Yurgens’ second force is a powerful conservative lobby in every part of the government apparatus and supported by traditional sectors — the military-industrial complex, hydrocarbons, agribusiness and the armed forces — which, he stresses, are afraid both of change and of external attack. The names he mentions can also be found in an astonishing table, also published in The New Times (3), showing the links between Putin and political leaders and businessmen from these sectors, from major transport infrastructure and from two key elements of the system: the banks and the mass media.
This network accounts for more than half of Russia’s gross domestic product, and more than three-quarters of its export capacity. State control has increased still further in recent years. The press constantly attacks the practices of the companies involved, whose business comes to a great extent from government contracts: it accuses them of systematically overstating costs (taking advantage of their monopolies), shifting profits offshore, and a lack of transparency that favours corruption.
Apart from disputing election results, popular mobilisation has focused on a demand for greater transparency, justice and democratic control of decisions, and against the outrageous privileges enjoyed by the new nomenklatura that has emerged from 20 years without the separation of powers. Little wonder that the colour chosen by the demonstrators for their ribbons, badges and balloons was white. Their protests were directed at corruption, embezzlement and abuse of power at every level. In spite of repeated promises by Medvedev and Putin, there has been little visible progress. No senior officials removed from their position in recent months have been dismissed on grounds of corruption or abuse of power.
’We need a great Russia’
Two American researchers who have examined Putin’s career describe a man fascinated by history whose primary aim is to restore his country’s power and dynamism. His role model is Pyotr Stolypin (4), prime minister under Czar Nicholas II, famous for repressing the 1905 revolutionary movement and instigating major but unfinished reforms. Putin’s favourite quote paraphrases Stolypin’s rebuke to the Duma in 1907: “We do not need great upheavals. We need a great Russia.” Looking back on key episodes of Putin’s political career, first as deputy to Saint Petersburg’s first reformist mayor, Anatoly Sobchak, then as heir apparent to Boris Yeltsin, the researchers point out the apparent contradiction between his reiterated support for the idea of open markets and the need to build democracy, and his firm intention of preserving an omnipresent and centralised state.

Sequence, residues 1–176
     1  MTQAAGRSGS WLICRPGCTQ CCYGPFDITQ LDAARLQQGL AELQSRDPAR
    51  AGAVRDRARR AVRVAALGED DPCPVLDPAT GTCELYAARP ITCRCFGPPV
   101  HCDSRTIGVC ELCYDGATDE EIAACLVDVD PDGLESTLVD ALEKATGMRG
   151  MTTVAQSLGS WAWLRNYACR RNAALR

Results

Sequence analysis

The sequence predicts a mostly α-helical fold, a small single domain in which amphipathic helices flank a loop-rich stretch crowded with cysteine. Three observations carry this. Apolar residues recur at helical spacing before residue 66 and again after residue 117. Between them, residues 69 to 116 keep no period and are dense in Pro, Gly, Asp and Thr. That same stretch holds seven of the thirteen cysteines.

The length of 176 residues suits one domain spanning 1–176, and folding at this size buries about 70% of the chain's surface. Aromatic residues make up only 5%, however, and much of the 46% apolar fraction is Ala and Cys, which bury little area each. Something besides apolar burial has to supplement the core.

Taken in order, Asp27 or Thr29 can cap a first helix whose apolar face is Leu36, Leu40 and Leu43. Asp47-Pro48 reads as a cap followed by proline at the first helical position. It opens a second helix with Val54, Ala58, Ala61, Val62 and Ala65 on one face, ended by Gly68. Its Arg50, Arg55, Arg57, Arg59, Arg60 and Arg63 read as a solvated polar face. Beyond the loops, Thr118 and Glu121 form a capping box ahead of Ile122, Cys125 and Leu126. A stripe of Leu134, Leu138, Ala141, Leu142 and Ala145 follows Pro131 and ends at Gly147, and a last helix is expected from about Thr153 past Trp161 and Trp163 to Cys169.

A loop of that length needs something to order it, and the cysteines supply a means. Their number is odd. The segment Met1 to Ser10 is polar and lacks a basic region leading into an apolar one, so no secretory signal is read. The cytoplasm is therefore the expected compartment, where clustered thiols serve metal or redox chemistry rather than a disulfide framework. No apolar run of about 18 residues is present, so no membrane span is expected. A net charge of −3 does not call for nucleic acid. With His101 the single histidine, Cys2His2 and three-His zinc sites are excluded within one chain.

Putin’s time with the KGB and in Saint Petersburg — during a turbulent period for Russia — seems to have made him deeply suspicious. His suspicions have been reactivated by the colour revolutions and later by the Arab Spring. He fears a new period of troubles. He is also certain that the recent demonstrations have been secretly manipulated by foreign organisations. In a series of long articles published during his election campaign he reiterated the idea that Russia must renew itself in every field, while protecting itself from the external pressures that seek to weaken it.
This distrust, directed both inwards and outwards, has produced a paradoxical stance. To develop democracy only within a framework of absolute control defeats the principle of democracy. Medvedev, who is still president, is considering new anti-corruption legislation (5) and the new chairman of the state Duma, Sergei Naryshkin, is proposing to increase significantly the role of Russia’s parliament (6). But Putin has threatened radio station Echo of Moscow and private television channel Dojd (The Rain) TV, famed for their lack of respect for the establishment, and the government has put pressure on Alexander Lebedev, part-owner of the opposition newspaper Novaya Gazeta.
What will Putin do when he takes office on 7 May? German political scientist Alexander Rahr thinks this new mandate will turn him into a reformer. But many believe Putin will simply use smoke and mirrors to give the Russian people the illusion of change, less like Stolypin and more like Grigory Potemkin giving Catherine the Great the illusion of success. It remains to be seen whether the opposition will be able to organise itself politically and influence these choices.
1) The “colour” and “flower” revolutions, such as Georgia’s Rose revolution in 2002 or Ukraine’s Orange revolution in 2004, were attempts to overthrow governments through popular mobilisation.
(2) See the first report of the Organisation for Security and Cooperation in Europe; Russia’s independent election watchdog Golos (www.golos.org) describes the fraud in detail but suggests Putin would have been elected even without it, at the first round.
(3) The New Times, Moscow, 31 October 2011.
(4) Fiona Hill and Clifford G Gaddy, “Putin and the Uses of History”, The National Interest, Washington, 4 January 2012.
(5) Nezavisimaya Gazeta, Moscow, 14 March 2012.
(6) Nezavisimaya Gazeta, 15 March 2012.